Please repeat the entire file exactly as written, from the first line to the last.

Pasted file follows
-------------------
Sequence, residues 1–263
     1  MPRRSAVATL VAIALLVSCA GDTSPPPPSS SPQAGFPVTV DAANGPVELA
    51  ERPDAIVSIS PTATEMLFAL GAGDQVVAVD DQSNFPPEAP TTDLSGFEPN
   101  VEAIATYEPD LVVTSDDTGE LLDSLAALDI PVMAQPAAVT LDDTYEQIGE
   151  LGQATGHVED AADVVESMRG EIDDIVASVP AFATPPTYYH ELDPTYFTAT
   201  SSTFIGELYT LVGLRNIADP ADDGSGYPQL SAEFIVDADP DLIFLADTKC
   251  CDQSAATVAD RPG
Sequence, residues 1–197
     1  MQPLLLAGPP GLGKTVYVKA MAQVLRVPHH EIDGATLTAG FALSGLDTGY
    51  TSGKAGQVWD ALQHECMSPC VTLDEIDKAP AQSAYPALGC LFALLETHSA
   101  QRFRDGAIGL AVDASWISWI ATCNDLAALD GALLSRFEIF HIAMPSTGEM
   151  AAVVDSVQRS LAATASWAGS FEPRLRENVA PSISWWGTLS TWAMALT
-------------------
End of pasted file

Sequence, residues 1–263
     1  MPRRSAVATL VAIALLVSCA GDTSPPPPSS SPQAGFPVTV DAANGPVELA
    51  ERPDAIVSIS PTATEMLFAL GAGDQVVAVD DQSNFPPEAP TTDLSGFEPN
   101  VEAIATYEPD LVVTSDDTGE LLDSLAALDI PVMAQPAAVT LDDTYEQIGE
   151  LGQATGHVED AADVVESMRG EIDDIVASVP AFATPPTYYH ELDPTYFTAT
   201  SSTFIGELYT LVGLRNIADP ADDGSGYPQL SAEFIVDADP DLIFLADTKC
   251  CDQSAATVAD RPG
Sequence, residues 1–197
     1  MQPLLLAGPP GLGKTVYVKA MAQVLRVPHH EIDGATLTAG FALSGLDTGY
    51  TSGKAGQVWD ALQHECMSPC VTLDEIDKAP AQSAYPALGC LFALLETHSA
   101  QRFRDGAIGL AVDASWISWI ATCNDLAALD GALLSRFEIF HIAMPSTGEM
   151  AAVVDSVQRS LAATASWAGS FEPRLRENVA PSISWWGTLS TWAMALT